Assistant Professor of Law, National University of Singapore
First published on ConstitutionNet on 30 September 2016
In February 2016, and only for the second time since Singapore’s independence, the government convened a Constitutional Commission to consider changes to the constitution. Led by Chief Justice Sundaresh Menon, the commission was tasked to consider and recommend constitutional changes to safeguard minority representation in the Presidency. This was one of its three tasks, the other two of which were to review the eligibility criteria for presidential candidates and to review the framework governing the exercise of the President’s custodial powers, particularly the role and composition of the Council of Presidential Advisers (see its Terms of Reference).
Safeguarding minority interests as a necessary aspect of peaceful coexistence among the different racial groups is a frequent fixation of the government in multiracial Singapore. Demographic data in 2015 shows that persons of Chinese ethnicity constitute more than three quarters of the total citizen population (at 76.2%) while Malays form the largest minority at 15%, followed by those of Indian descent at 7.4%. Eurasians are classified along others as “Others”, which together constitute 1.4% of the citizen population. Indeed, the safeguarding of minority rights was also a concern for the first constitutional commission convened in 1965 and chaired by Singapore’s first post-independence Chief Justice Wee Chong Jin. That commission was tasked to consider how the rights of minorities can be adequately safeguarded in the Constitution. There, the Commission opted for a strong emphasis on equal individual rights for all. In recent years, however, there has been a shift from individual rights to protective measures aimed at groups. The Group Representation Constituency (GRC) scheme, for instance, is one such measure that the government adopted to ensure minority representation in Parliament. Under the scheme, certain constituencies are contested on a team basis in parliamentary elections with at least one member belonging to a designated minority group.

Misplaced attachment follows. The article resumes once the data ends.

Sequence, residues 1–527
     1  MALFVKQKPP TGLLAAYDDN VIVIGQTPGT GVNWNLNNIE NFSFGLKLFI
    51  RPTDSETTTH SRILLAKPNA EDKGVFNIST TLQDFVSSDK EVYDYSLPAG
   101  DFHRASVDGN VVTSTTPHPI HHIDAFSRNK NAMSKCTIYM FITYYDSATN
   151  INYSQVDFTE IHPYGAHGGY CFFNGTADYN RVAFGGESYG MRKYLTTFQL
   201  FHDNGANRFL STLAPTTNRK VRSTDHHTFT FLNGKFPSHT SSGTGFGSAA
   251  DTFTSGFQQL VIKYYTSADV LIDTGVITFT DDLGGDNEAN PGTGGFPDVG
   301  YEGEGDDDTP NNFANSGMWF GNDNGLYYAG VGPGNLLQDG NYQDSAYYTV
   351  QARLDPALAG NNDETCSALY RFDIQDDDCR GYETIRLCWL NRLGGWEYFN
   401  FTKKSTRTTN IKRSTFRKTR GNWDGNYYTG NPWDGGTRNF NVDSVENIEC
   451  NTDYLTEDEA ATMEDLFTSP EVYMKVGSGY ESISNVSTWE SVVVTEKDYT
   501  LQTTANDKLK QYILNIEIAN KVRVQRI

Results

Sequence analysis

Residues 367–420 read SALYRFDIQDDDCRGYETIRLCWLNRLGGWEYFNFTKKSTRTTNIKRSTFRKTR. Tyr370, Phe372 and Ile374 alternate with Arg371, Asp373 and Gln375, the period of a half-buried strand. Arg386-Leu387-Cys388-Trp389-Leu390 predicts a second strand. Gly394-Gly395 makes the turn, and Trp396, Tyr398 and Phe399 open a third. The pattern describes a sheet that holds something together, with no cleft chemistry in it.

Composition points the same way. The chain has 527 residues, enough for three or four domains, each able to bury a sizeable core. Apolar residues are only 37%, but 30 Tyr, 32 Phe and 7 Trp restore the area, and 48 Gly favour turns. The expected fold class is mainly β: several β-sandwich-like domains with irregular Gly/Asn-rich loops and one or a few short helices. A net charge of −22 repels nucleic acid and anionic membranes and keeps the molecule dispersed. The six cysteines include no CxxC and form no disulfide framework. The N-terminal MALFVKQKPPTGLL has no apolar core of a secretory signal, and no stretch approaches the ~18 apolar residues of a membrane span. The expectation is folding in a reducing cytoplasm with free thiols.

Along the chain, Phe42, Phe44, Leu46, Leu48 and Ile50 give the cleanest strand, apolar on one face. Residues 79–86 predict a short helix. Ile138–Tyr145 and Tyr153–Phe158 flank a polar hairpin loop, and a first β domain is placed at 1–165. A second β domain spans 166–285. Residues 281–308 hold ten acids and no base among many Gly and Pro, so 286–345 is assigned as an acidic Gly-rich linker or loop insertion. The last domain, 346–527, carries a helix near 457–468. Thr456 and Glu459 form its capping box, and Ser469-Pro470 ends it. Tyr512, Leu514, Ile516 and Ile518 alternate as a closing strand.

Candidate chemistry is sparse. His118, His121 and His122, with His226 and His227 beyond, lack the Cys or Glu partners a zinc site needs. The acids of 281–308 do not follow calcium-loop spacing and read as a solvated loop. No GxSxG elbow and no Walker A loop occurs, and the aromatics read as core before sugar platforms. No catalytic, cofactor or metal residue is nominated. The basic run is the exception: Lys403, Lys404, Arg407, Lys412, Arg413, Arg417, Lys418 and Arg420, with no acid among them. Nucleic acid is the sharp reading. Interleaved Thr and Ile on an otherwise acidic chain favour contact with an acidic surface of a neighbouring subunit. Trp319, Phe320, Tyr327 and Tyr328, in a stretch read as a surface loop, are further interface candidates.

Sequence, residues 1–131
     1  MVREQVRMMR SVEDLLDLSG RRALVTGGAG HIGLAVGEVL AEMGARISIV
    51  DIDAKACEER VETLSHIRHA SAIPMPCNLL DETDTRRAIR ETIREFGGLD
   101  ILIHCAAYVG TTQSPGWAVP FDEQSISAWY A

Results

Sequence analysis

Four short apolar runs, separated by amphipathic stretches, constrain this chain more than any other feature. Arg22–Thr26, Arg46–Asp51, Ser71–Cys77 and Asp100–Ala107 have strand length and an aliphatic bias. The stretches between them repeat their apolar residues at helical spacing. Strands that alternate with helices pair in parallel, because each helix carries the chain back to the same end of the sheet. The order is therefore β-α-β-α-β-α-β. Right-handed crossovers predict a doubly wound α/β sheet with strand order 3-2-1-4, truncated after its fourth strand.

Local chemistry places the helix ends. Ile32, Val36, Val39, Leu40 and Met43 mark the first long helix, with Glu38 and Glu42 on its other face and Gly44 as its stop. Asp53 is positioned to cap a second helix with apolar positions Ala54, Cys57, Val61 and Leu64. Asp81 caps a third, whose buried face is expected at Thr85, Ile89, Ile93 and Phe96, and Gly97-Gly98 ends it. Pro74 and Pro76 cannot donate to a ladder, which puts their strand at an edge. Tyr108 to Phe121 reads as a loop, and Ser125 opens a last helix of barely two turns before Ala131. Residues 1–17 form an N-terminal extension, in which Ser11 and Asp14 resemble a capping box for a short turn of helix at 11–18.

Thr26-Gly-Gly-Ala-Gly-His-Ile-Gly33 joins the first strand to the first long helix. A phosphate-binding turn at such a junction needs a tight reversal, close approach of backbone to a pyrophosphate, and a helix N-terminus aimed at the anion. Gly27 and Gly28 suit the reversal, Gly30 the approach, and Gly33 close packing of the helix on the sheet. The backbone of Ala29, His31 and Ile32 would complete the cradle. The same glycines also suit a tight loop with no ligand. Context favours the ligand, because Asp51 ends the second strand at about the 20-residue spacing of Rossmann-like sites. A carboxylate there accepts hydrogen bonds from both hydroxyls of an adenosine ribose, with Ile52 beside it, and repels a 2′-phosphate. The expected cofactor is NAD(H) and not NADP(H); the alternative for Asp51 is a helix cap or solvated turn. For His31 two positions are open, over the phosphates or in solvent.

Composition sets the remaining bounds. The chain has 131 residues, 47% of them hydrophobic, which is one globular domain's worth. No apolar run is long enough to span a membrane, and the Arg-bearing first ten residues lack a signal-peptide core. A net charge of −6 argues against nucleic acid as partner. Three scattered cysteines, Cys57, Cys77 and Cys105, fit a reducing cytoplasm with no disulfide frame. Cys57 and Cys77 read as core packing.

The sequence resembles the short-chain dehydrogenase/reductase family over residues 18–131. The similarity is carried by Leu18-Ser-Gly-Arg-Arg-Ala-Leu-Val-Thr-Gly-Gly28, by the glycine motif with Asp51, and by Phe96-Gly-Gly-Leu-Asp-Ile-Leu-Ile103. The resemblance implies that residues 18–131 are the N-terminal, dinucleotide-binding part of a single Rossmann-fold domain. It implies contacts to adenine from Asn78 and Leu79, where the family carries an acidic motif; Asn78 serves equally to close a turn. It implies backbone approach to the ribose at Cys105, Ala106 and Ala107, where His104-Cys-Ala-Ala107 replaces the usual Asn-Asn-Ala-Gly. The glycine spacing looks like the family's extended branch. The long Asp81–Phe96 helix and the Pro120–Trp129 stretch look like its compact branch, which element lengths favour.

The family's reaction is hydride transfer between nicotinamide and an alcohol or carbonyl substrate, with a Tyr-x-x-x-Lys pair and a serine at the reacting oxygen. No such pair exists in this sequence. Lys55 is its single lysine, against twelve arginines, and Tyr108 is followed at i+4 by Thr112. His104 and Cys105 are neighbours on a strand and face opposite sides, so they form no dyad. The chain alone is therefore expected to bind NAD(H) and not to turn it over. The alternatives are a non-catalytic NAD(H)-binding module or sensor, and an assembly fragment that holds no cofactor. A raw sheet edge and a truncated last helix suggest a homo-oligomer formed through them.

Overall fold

In its report released on 7 September 2016, the Constitutional Commission recommended a model of reserved elections for the presidency to safeguard minority rights. This means that if there has not been an office holder from a racial group for more than five consecutive terms of six years each, then only candidates from that particular group can contest the next election. While it was not within its Terms of Reference, the Commission also recommended that the presidency be reverted to its previously nominated, as opposed to elected, form as it opined that this was better suited for its symbolic function as a unifying figure for all races in Singapore. The government has, however, emphatically stated that this specific reversal is not an option.
By instituting safeguards for minority representation, the government seeks to reaffirm and strengthen the presidency’s symbolic function as a unifying figure for all racial groups in Singapore. However, this symbolic function sits uneasily with the elected nature of the presidency and changes to ensure that minority candidates would be elected as President would necessarily restrict political choice.